We don’t lose. We win, or we learn

I first heard ‘We don’t lose. We win or we learn’ when I was facilitating a workshop on the responsibilities of team leaders, and I absolutely loved it.

It resonated so heavily with me, that I wanted to write a post on it.

“We don’t lose; we win or we learn”. Just say it aloud. How lovely is that?

It’s one of those sayings that can instantly change the way you view your day to day job and helps you find creative possibilities in the work you do.

The only thing is, how do we do that? It’s fine to say, but how does that relate to people on day to day basis; what does it look like and how can we make it real?  Here are my thoughts on how you go about doing that.


You have to let your team members know that you trust them. Without trust, when you say to them, “we don’t lose; we win or learn” they won’t believe you. If they trust you, they’ll trust that you’ll appreciate them taking risks.

How do you do this?

  • Let people manage their own time. People know what they have to get done in the day/week/ whenever the project deadline is due. By all means, check-in, but take a back seat and let them find their way.

  • Ask for feedback. Let people know when you ask them to try something new that they should feedback about their experience.

  • Take the rough with the smooth. It’s great when your ideas work out, but when they don’t you have to remain positive and be the first to work out the learning moments from the loss.


Build a culture that encourages people to try new things, let your team know that you do not work in a punitive environment (if you do work in a punitive environment then this post isn’t for you) and they will be rewarded for being inventive and suggesting new ways to work.

I’ll leave you to work out what would motivate your colleagues. The takeaway here is that before your team can implement new ways of working, they need the ideas first.

If you’re struggling to get people involved, then lead the way, say to everyone, today I’m trying ‘this’ (whatever the ‘this’ is) new way of working. Let people see/hear you, be loud and be accountable. You’ll gain more followers banging your drum and failing than you will if you don’t bang your drum at all.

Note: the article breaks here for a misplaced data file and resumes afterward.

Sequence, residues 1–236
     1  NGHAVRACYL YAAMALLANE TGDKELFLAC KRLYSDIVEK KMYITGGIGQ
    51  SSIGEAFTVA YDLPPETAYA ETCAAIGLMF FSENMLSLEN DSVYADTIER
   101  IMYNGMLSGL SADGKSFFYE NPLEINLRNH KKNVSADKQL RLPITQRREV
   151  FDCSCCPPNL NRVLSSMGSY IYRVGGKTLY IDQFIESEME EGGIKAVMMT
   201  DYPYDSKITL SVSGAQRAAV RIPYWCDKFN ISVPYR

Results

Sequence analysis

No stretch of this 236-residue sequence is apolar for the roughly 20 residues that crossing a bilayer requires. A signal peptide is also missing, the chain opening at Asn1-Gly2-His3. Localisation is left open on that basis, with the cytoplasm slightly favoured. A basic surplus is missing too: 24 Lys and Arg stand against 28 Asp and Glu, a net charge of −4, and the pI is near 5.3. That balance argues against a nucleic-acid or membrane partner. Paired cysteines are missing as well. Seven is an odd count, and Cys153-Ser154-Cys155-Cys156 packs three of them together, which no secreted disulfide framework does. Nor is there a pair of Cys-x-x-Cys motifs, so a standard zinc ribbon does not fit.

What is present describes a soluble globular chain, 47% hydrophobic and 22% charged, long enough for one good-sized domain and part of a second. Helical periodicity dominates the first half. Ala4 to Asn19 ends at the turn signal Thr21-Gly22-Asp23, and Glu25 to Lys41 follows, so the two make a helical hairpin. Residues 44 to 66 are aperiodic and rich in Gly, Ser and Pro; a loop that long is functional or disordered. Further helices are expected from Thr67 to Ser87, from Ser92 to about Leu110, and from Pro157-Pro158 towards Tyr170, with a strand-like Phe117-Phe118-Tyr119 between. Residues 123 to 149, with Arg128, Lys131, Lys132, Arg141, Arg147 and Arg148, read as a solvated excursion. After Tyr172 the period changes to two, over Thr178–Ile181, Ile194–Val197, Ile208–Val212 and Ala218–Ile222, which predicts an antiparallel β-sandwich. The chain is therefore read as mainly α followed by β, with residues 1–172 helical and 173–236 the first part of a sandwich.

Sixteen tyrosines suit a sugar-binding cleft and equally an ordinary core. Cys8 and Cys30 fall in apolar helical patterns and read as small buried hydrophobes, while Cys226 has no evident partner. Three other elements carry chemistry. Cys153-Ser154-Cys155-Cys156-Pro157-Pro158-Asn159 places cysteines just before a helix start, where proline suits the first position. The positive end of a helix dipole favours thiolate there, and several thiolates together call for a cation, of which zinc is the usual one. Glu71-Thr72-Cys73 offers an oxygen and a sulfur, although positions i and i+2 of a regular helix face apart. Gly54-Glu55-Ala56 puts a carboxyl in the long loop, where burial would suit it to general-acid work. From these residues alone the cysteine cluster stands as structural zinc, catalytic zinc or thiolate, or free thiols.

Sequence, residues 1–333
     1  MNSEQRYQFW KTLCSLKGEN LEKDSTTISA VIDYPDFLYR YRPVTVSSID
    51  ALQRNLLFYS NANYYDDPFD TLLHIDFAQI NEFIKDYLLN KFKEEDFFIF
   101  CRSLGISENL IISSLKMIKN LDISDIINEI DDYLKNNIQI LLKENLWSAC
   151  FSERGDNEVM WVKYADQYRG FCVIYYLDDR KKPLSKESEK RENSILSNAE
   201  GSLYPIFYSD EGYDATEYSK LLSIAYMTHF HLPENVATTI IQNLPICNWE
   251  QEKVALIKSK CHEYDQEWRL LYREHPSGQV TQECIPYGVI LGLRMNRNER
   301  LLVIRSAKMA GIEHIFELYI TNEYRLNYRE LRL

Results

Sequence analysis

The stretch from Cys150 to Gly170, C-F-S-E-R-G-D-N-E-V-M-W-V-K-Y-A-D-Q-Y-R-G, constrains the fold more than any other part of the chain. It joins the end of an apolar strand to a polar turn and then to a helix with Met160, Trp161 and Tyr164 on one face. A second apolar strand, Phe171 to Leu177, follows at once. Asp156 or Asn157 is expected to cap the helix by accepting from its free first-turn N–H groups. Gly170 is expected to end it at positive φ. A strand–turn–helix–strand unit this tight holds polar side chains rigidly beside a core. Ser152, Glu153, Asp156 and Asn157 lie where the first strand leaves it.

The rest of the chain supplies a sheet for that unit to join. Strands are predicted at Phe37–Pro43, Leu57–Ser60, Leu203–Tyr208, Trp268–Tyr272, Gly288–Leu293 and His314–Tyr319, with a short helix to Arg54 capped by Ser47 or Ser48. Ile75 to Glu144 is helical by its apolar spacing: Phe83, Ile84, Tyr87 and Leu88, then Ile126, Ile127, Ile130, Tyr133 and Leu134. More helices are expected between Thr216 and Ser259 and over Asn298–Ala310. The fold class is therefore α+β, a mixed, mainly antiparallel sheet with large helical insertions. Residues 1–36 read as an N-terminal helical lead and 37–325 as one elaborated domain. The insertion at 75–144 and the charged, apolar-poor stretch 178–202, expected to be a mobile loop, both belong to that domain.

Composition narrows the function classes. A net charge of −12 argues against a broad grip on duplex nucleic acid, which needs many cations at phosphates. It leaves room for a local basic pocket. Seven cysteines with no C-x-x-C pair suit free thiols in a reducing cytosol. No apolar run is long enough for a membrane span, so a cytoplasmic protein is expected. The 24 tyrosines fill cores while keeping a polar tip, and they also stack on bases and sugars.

How do you celebrate failure? It seems counterintuitive, to celebrate failure or loss (that’s why we don’t fail, we learn). Here are some ideas on how you can celebrate:

  • Encourage people to try ideas; especially if your experience is telling you it won’t work. If your experience is telling you it won’t work, you’ll probably learn more than the person experimenting.

  • Whatever counts as traditional in your office, try the opposite, and reward people for trying to work counter traditionally.

  • Define success measures before implementation. This is crucial, because if the experiment is a success, then, hooray, you’ve got a success that can be scaled out over the business. If the experiment fails, then you have a set of criteria that you can analyse, so that you can make an informed next step (the learning), towards a win.

  • Celebrate the next steps – thank people for taking the first step and then encourage them to take the next step.


“What, share my failures with everyone? Really?”

Yes, really. What’s the upside? It stops a lot of other people from going through the same process only to find the same result. It also means that people can offer advice on the next steps and help refine a process. Spotify has a failure wall so that everyone in the organisation can see what ideas have been tried, the approach, and the results. You could also try introducing ‘What have you failed at this week” in weekly meetings with your teams. Encourage your team to share their experiences. This will rely on people coming out of their comfort zones, which is why trust is so important before you start experimenting.

As a tip; if you want to get people on board with this then you’re going to have to be the first one to say “Yep, I f*cked up – what can we learn from this?”

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